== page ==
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Election 2022

‘I’m For Decriminalizing Across The Board’: Fetterman Pushes Weak Drug Policy Amid Opioid Epidemic



John Fetterman

Democrat John Fetterman, who is running for US Senate in Pennsylvania against Republican Dr. Mehmet Oz, supports decriminalizing all drugs, including heroin despite the ongoing U.S. opioid epidemic, and controlled injection sites, which are locations that allow individuals to use illegal drugs under medical supervision.

“I’m pro legalizing marijuana, but I go even further than some of my colleagues because I’m for decriminalizing across the board,” Fetterman affirmed in a 2015 interview with The Nation. “I see it as a public-health issue, not a criminal issue. I’ve seen first hand for the last 14 years the effects it has on families.”

During a 2018 podcast interview with Aaron Watson, Fetterman recalled a meeting he had with the Democratic Senatorial Campaign Committee (DSCC) in which the organization was shocked by Fetterman’s push to “legalize heroin.”

“I’ll never forget the meeting I had at the DSCC where, you know, you assess yourself and your candidacy. And one of the things I kept talking about was the opioid crisis. And they’re just like, ‘wait, what are you talking about? For example, you want to legalize heroin?’” Fetterman said.

Fetterman’s advocacy for weaker drug laws extends beyond just the use of drugs. According to documents reviewed by the Washington Free Beacon, in June 2021, Fetterman was the only member of the Pennsylvania’s Board of Pardons—which he chairs as lieutenant governor— to vote to commute the sentence of Wayne Covington, who had been sentenced to life in prison after he shot and killed an 18-year-old for money to buy heroin while high on drugs.

During the 2018 interview with Aaron Watson, Fetterman also addressed the drug crisis and called for “safe injection sites” to be considered.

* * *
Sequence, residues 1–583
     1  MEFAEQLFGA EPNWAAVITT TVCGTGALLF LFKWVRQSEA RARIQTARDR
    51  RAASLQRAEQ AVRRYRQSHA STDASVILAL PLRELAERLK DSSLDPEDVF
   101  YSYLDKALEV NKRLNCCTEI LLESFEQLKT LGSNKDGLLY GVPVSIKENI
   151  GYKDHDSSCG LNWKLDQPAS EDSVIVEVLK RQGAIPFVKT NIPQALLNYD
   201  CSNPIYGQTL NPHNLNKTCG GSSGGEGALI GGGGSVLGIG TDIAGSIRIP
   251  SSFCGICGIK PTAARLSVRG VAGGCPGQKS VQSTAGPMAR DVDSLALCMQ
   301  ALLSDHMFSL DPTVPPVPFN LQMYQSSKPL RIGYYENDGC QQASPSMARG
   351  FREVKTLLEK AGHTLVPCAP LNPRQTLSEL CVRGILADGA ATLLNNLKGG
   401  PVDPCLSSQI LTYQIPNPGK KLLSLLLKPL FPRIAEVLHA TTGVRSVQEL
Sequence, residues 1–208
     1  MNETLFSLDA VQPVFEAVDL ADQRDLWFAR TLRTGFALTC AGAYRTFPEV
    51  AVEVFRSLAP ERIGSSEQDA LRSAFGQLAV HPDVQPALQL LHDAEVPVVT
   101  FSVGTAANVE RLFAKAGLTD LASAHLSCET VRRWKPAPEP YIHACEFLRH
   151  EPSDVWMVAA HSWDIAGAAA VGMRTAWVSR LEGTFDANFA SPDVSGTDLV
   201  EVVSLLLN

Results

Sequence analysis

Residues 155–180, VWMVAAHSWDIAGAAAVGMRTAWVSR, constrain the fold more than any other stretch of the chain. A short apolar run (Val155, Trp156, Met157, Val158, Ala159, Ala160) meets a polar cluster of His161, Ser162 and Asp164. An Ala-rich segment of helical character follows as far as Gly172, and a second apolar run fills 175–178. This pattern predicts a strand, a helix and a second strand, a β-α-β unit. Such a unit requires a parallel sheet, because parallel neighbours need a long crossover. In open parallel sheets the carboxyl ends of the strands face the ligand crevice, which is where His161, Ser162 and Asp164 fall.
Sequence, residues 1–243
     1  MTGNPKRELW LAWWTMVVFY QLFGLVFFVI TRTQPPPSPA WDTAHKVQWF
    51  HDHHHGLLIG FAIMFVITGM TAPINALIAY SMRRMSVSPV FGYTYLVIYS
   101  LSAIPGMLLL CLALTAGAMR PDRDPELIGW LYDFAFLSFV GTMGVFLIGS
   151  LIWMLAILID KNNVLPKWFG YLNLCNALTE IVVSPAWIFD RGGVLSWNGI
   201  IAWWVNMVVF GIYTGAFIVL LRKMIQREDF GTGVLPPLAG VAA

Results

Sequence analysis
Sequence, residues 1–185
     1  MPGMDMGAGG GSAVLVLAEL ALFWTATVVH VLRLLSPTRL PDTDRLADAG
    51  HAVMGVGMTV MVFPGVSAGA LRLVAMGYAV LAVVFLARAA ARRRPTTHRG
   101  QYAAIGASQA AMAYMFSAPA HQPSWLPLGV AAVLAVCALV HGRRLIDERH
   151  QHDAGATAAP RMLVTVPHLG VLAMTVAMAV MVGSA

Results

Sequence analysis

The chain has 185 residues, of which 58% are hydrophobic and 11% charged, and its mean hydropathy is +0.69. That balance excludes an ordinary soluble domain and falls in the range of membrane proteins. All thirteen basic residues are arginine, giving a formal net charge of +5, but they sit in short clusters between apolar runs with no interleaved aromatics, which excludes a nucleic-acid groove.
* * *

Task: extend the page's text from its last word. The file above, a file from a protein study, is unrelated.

“I think it’s important that we as a society get in front of it,” Fetterman said. “I think it’s important that we as a society have all the options on the table — including needle exchange, which is only technically legal in Philadelphia and Pittsburgh — and even safe injection sites that are being considered.”

In 2020, Fetterman’s wife, Gisele Barreto Fetterman went as far as saying she would “enthusiastically” welcome injection sites in her “backyard.”

It should be noted that evidence suggests injection sites could actually worsen drug use in the long run, however. In an analysis of one study, Hudson Institute senior fellow David Murray explained that “participation in facility services did not reduce either the number of injections, nor the number of overdose events, over time,” which suggests that the sites “may actually lessen the incentive for participants to enter treatment and recovery.”

Still, when Philadelphia District Attorney Larry Krasner pointed out that “harm reduction strategies like overdose prevention sites” have “no negative impact on drug use or crime,” Fetterman dismissed the evidence and simply said “harm reduction, reduces harm.”

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